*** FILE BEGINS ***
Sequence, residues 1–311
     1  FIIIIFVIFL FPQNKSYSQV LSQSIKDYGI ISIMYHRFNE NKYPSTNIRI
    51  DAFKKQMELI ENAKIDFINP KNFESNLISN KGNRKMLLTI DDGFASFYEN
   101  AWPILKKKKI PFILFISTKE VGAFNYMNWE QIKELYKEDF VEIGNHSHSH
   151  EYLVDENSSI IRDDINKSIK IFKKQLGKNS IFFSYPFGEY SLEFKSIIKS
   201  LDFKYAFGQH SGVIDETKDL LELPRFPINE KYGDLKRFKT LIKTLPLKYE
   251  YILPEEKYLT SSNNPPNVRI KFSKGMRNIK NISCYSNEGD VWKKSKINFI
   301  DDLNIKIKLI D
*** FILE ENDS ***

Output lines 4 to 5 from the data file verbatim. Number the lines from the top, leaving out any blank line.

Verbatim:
   101  AWPILKKKKI PFILFISTKE VGAFNYMNWE QIKELYKEDF VEIGNHSHSH
   151  EYLVDENSSI IRDDINKSIK IFKKQLGKNS IFFSYPFGEY SLEFKSIIKS